Plagiarism and Intellectual Property

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start2finish:
Over the past 5 years I devoted a considerable amount of time to developing a course which has recently been assigned to a new hire. I have no idea what they will include in the course but I am reasonably certain some of it will be similar to the content I designed for the course. Are my syllabi and course content protected as intellectual property? And wouldn't it be unethical, if not illegal, to use my content with my express permission? I had a similar problem a few years back where another faculty member started using my content in their course and I added a plagiarism clause to my syllabus stating that none of the material could be used without my permission which I think scared him off, but I did not include such a statement in the course that has recently been reassigned. Desperately in need of some guidance. Thanks.

verstrickt:
It really depends on your contract and university policies. In theory, yes, your materials are yours, but if they were made with university resources you might not maintain sole control over them.
I have turned down some opportunities to teach online in my department because I would lose control of my IP.

aandsdean:
Quote from: verstrickt on April 28, 2013, 10:45:22 PM

It really depends on your contract and university policies. In theory, yes, your materials are yours, but if they were made with university resources you might not maintain sole control over them.
I have turned down some opportunities to teach online in my department because I would lose control of my IP.


OP, google the phrase "work made for hire."  Unless there is something very specific in your schhol's IP policy, the materials concerning you belong to the institution, not to you.  Your IP policy probably does not cede ownership to you, btw.

tuxedo_cat:
OP, have you never ever looked at another scholar's syllabus in designing your own?  Were you forbidden to make use of syllabi by professors you TAd for during your grad program?  Are you certain you will never be stuck with a course in a completely new area for which you would really find it helpful to have some guidance from a more experienced faculty member?

I do completely understand your sense of ownership about the course you designed, especially if it's based on something you've studied closely, and since you've put quite a bit of effort and thought into it.  *But you're being silly.  I would advise you to take out the "faculty plagiarism" language from your syllabus which could be interpreted very badly by your colleagues (and I'm going to guess that perhaps you don't have tenure yet?).  Or they will think you're a nut.

Also, sharing course materials with a new hire is beneficial . . . for the students.  And for the new hire.  You will make a new friend!  Which you may need if that other guy in your dept. is describing you as the resident Syllabus Control Freak.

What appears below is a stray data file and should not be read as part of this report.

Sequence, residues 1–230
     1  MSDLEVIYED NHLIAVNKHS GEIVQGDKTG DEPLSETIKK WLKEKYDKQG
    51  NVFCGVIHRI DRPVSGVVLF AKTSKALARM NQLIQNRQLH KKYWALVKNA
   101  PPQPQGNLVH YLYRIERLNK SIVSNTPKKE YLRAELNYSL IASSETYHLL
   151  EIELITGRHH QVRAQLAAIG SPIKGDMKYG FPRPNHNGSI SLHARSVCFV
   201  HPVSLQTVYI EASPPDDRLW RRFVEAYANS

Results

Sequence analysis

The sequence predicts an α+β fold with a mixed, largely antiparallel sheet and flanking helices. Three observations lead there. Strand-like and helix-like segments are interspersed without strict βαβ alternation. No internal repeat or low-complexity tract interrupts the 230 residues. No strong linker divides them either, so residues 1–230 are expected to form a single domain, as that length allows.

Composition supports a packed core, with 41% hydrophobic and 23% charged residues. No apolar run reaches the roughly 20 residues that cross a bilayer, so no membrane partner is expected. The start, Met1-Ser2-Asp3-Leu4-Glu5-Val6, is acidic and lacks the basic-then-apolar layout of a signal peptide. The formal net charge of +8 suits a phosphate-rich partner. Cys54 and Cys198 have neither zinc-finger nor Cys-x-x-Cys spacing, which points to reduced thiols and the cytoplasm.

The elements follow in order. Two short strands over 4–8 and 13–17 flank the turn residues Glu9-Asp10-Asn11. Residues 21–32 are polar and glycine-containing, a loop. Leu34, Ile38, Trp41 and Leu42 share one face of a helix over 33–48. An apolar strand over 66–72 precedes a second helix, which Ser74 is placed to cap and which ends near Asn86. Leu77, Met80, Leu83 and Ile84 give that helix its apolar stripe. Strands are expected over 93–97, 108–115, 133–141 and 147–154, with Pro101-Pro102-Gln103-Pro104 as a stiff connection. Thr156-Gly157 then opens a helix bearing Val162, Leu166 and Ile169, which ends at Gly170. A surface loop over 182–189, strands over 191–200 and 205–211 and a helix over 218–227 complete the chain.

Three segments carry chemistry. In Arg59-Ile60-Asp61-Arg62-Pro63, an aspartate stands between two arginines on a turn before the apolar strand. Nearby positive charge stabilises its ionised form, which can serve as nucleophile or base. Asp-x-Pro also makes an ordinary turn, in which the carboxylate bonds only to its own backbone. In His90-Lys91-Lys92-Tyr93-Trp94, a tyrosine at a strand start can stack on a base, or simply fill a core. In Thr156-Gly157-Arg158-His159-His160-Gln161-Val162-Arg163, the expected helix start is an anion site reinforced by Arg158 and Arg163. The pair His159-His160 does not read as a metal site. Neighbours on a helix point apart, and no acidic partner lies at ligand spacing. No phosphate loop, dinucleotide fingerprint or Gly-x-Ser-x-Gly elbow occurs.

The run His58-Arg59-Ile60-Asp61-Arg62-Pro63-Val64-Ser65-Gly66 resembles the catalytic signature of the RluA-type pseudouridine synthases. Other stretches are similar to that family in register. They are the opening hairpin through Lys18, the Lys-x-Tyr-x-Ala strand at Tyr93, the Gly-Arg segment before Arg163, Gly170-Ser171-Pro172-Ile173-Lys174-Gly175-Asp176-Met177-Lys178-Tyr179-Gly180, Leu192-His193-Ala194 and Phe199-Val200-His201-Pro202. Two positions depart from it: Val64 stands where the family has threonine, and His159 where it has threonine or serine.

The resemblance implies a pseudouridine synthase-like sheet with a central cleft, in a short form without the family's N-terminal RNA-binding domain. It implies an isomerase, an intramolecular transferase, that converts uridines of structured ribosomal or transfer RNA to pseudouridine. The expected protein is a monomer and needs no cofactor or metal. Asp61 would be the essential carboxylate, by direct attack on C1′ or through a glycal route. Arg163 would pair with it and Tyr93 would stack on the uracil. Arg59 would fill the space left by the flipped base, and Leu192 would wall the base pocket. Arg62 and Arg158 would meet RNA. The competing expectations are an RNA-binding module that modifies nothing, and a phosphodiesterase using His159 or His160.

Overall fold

*I have adapted some of this syllabus advice from larryc's previous syllabus advice to other posters -- possibly that exact phrase.  I am altogether certain he won't mind.

yellowtractor:
Quote from: aandsdean on April 28, 2013, 10:55:57 PM

Quote from: verstrickt on April 28, 2013, 10:45:22 PM

It really depends on your contract and university policies. In theory, yes, your materials are yours, but if they were made with university resources you might not maintain sole control over them.
I have turned down some opportunities to teach online in my department because I would lose control of my IP.


OP, google the phrase "work made for hire."  Unless there is something very specific in your schhol's IP policy, the materials concerning you belong to the institution, not to you.  Your IP policy probably does not cede ownership to you, btw.


Aandsdean, I'm sorry, but I'm not sure about this.  I've been in the business of "work made for hire," and usually there is explicit language somewhere detailing this condition (often very interesting, bracing--to an academic--language).  My response would be the exact opposite of yours, i.e. that unless there is something specific in the school's IP policy addressing "work made for hire," then course materials are solely the intellectual property of the professor.

I did once work at a school that had a specific IP clause relating to course materials developed at the school, which the school sporadically tried to enforce when faculty left to go elsewhere.  I don't think this ever resulted in any legal action (although the school in question was more interested in preventing ex-faculty from using materials developed there elsewhere, rather than in keeping the materials in-house for future use).

But really, OP, Tuxedo_Cat is right.  This is almost certainly not a battle you want to fight.  Most of us here have based syllabi either on syllabi we experienced as students (and recall), or else have surfed the web in moments of need and borrowed elements from others' syllabi.  I have kept my own syllabi under wraps a few times, I admit, but those were instances in which the syllabi topics were in essence outlines for books I was working on.  You would probably be doing the new hire a favor if you at least shared a basic outline of what you've been teaching with him or her.

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